Reviewed: [April 2019]
Released [2019 Willowtip Records]
Reviewer: Peter Atkinson
After issuing their debut EP Hive in 2015, New Jersey devils Hath spent the next four years honing their craft and beefing up their lineup and sound, with second guitarist Peter Brown coming onboard last year as the band got to work on their first full-length. And with Of Rot And Ruin, the time and effort have paid off handsomely.
While Hath might not have the most original or groundbreaking sound here – echoing Morbid Angel, Zyklon and Behemoth, among others – they boast a seasoning and confidence that grabs your throat from the get-go and only tightens its tenacious grip. The songs are well-scripted and impactful – if sometimes a bit long – and the performances are vicious and well-honed.
After a somber tolling bell, Of Rot And Ruin gets off to an impressive, epic start with “Usurpation” that offers a little bit of everything – tangled, snarling riffs; tornadic drumming; elegant, dive-bomb solos; tag-team attack-dog vocals; a quick “clean” sung verse; and a dramatic sweep throughout to set it apart from your average, workaday bluster. “Currents” is more standard death metal – despite its Spanish guitar intro – with its guttural vocals, and thicker, chuggier groove, but retains the grand scale and scope.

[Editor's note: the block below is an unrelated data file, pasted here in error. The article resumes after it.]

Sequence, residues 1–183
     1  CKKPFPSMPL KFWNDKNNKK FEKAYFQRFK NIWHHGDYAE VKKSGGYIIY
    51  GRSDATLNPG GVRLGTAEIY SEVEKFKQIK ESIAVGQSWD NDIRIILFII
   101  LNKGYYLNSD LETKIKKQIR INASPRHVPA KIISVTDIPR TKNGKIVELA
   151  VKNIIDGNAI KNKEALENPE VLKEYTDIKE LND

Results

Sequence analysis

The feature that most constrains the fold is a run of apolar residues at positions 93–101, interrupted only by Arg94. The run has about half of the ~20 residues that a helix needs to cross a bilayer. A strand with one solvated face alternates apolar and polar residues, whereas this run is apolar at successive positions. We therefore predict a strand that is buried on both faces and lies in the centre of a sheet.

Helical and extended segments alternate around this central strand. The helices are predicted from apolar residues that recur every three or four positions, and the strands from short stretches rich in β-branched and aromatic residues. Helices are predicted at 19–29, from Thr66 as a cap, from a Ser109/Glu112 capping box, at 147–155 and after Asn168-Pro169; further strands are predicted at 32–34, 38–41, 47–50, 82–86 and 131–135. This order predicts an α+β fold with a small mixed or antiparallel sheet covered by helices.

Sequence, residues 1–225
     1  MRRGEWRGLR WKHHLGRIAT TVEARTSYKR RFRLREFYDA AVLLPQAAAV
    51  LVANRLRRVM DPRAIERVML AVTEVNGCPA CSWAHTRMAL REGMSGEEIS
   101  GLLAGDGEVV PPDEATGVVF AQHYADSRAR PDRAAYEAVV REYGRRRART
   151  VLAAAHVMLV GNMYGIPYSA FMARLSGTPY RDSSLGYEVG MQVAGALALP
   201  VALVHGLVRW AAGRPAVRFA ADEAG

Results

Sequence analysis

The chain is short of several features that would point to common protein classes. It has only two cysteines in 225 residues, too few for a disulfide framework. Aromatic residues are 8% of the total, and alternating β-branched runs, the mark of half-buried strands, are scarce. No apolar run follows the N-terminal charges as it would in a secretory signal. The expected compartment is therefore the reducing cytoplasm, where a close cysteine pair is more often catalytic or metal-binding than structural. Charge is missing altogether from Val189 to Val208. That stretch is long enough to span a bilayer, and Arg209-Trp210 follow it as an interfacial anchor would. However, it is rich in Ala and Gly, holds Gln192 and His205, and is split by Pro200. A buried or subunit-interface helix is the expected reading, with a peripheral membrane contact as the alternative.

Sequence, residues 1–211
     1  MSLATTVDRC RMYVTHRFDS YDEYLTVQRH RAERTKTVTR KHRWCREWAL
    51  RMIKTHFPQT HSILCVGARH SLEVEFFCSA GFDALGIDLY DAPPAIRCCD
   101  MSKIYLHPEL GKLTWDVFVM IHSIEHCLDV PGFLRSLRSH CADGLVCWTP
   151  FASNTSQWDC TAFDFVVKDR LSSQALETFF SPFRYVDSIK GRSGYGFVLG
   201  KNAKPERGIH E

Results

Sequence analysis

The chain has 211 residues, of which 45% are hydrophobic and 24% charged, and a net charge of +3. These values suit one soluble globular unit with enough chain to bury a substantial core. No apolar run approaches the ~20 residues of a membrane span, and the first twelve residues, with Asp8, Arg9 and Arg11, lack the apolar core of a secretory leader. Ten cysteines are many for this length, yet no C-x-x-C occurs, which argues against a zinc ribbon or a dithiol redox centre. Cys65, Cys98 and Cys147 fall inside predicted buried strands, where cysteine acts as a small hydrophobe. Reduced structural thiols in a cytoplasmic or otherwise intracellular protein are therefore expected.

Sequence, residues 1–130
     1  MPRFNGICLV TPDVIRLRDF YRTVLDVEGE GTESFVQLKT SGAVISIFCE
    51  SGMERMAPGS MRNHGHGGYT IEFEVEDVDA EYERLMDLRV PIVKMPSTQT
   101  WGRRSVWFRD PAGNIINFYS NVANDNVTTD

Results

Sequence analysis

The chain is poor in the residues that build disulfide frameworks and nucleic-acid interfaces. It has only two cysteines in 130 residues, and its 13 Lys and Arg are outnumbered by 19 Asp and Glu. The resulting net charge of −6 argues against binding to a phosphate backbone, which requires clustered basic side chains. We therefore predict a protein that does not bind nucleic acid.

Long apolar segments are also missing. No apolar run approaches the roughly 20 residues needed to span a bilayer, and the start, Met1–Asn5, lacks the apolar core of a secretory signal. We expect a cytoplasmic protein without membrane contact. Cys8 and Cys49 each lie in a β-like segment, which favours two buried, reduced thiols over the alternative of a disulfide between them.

The rest of the album offers much the same, with seven of the nine tunes topping six minutes and the titanic “Rituals” clocking in at nearly nine as it ebbs and flows between moody, quieter passages and explosive bursts. The shortest actual song, “To Atone” – the 2:25 “Kindling” is an acoustic interlude – is, not surprisingly, the most intense on the album, dropping the tuning a bit and concentrating its energy to maximize the impact of its corrosive 3:31.
The clean passages – which actually are usually done as dirty/clean harmonizing between guitarist Frank Albanese and bassist Greg Nottis – become a bit predictable and overused as the band inserts them into nearly every song, and often delivers them in much the same fashion, which is perhaps my one complaint about the album. Even so, it’s something a bit different, and can be quite effective, as on the breathier passages of “Accursed,” when given a bit of a spin.
Oddly enough, the most melodically inclined song here, the closer “Progeny,” which mixes Opeth-like progressive riffiness with black metal ferocity, leaves out the cleans, but doesn’t suffer a bit for it. Indeed it may be the album’s best song, although that’s a tough call since they’re all pretty rock solid.
Of Rot And Ruin is a stellar “debut” by a band that definitely have gotten their shit together. Hopefully Hath can get out there, do some touring and build on their already considerable strengths, because the future looks very bright for these guys.